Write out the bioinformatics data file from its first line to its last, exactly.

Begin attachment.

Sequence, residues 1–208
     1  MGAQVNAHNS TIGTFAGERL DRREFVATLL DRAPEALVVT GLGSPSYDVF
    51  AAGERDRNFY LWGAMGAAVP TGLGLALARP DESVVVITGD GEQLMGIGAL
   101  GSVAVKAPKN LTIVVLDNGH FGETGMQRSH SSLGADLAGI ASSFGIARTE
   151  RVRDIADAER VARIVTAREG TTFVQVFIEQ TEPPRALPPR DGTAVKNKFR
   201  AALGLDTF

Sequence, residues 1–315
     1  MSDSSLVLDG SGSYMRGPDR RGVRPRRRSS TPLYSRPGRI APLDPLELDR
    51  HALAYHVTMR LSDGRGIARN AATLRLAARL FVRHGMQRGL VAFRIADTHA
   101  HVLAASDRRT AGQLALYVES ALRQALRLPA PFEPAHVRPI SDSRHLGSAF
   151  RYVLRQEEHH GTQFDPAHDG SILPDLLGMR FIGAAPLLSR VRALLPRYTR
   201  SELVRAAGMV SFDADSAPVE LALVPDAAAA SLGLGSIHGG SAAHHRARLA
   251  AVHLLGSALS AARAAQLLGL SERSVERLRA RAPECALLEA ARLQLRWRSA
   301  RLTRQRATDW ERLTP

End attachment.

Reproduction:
Sequence, residues 1–208
     1  MGAQVNAHNS TIGTFAGERL DRREFVATLL DRAPEALVVT GLGSPSYDVF
    51  AAGERDRNFY LWGAMGAAVP TGLGLALARP DESVVVITGD GEQLMGIGAL
   101  GSVAVKAPKN LTIVVLDNGH FGETGMQRSH SSLGADLAGI ASSFGIARTE
   151  RVRDIADAER VARIVTAREG TTFVQVFIEQ TEPPRALPPR DGTAVKNKFR
   201  AALGLDTF

Sequence, residues 1–315
     1  MSDSSLVLDG SGSYMRGPDR RGVRPRRRSS TPLYSRPGRI APLDPLELDR
    51  HALAYHVTMR LSDGRGIARN AATLRLAARL FVRHGMQRGL VAFRIADTHA
   101  HVLAASDRRT AGQLALYVES ALRQALRLPA PFEPAHVRPI SDSRHLGSAF
   151  RYVLRQEEHH GTQFDPAHDG SILPDLLGMR FIGAAPLLSR VRALLPRYTR
   201  SELVRAAGMV SFDADSAPVE LALVPDAAAA SLGLGSIHGG SAAHHRARLA
   251  AVHLLGSALS AARAAQLLGL SERSVERLRA RAPECALLEA ARLQLRWRSA
   301  RLTRQRATDW ERLTP